The second group of historians present very different characteristics. In their works a classical eclecticism veils theological fanaticism quite foreign to the classic spirit and an arrogant chauvinism. Revelling in classical forms the historians of the period of the Commeni and Palaeologi were absolutely devoid of the classical spirit; there are among them however--and this goes far to palliate their faults--much stronger and more sympathetic personalities than in the first period. It seems as if, amid all the weakening of civil and imperial power, a few great individual personalities stood out, all the more striking because of the general decay. Indeed, the individuality of each is so vigorous that it impairs the objectivity of his work. This is particularly true of those historians who belonged to an imperial family or were closely related to one. Most of these writers produced partian works. Such are the "Alexiad", the pedantic work of the Princess Anna Comnena (a glorification of her father Alexius, and of the reorganization of the empire set afoot by him), the historical work of her husband, Nicephorus Bryennius (eleventh and twelfth centuries; a description of the internal conflicts that accompanied the rise of the Commeni, done in the form of a family chronicle), and lastly the self-complacent narrative of his own achievements by one of the Palaeologi, John VI Cantacuzene (fourteenth century). The historical writers of this period exhibit also very striking antitheses both personal and objective. Beside Cinnamus, who honestly hated everything Western, stand the broad-minded Nicetas Acominatus (twelfth century) and the conciliatory but dignified Georgius Acropolites (thirteenth century); beside the theological polemist, Pachymeres (thirteenth century), stands the man of the world, Nicephorus Gregoras (fourteenth century), well versed in philosophy and the classics. While these and other similar writers are less objective than is desirable in their presentation of internal Byzantine history, they are all the more trustworthy in their accounts of external events, being especially important sources for the first appearance of the Slavs and Turks on the borders of the Empire.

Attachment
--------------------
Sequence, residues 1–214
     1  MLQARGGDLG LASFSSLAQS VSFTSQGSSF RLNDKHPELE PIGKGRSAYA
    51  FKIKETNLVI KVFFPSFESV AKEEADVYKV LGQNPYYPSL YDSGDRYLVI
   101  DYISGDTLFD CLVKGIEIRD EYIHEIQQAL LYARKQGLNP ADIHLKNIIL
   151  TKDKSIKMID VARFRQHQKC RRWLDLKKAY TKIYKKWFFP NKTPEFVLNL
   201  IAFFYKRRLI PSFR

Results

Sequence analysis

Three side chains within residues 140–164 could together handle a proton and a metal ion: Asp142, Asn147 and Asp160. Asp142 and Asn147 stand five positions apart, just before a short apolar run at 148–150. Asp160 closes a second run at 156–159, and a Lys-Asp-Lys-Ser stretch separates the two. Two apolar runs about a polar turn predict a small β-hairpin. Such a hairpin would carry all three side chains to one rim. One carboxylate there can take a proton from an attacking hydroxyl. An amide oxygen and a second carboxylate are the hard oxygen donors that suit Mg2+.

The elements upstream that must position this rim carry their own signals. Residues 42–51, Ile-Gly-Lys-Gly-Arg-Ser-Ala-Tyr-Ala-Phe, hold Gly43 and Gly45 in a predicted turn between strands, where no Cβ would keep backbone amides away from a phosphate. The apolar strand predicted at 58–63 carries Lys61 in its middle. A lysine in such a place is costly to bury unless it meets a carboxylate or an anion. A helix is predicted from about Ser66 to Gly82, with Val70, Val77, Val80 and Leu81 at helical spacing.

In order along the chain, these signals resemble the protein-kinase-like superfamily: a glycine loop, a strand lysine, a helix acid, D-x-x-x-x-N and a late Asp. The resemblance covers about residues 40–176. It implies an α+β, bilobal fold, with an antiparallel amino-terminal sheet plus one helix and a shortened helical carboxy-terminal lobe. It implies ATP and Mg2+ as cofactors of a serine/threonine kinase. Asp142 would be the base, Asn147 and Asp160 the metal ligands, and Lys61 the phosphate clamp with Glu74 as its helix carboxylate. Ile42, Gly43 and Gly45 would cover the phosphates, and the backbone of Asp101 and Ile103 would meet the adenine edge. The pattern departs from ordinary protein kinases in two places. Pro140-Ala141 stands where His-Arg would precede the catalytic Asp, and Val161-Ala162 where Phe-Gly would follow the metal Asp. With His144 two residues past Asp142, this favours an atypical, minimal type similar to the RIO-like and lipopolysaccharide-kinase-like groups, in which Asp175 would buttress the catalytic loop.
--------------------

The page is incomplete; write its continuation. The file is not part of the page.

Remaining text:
B. Chroniclers